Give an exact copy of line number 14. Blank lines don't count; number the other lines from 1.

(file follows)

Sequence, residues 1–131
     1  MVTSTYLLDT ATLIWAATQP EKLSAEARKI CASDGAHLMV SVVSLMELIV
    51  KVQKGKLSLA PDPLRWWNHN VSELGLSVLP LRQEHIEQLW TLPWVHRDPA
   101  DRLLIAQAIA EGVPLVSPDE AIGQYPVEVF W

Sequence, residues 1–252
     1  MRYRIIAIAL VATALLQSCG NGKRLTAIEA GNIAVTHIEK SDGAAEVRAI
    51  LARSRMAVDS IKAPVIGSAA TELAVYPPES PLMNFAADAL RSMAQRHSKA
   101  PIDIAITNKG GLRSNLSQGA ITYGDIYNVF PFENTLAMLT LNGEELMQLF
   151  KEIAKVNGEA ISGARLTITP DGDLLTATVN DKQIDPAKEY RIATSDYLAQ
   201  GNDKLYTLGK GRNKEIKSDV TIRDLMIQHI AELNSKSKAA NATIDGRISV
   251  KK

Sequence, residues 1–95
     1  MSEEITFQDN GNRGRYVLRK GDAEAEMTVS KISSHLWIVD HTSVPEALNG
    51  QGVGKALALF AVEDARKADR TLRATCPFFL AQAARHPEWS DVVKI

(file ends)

    51  QGVGKALALF AVEDARKADR TLRATCPFFL AQAARHPEWS DVVKI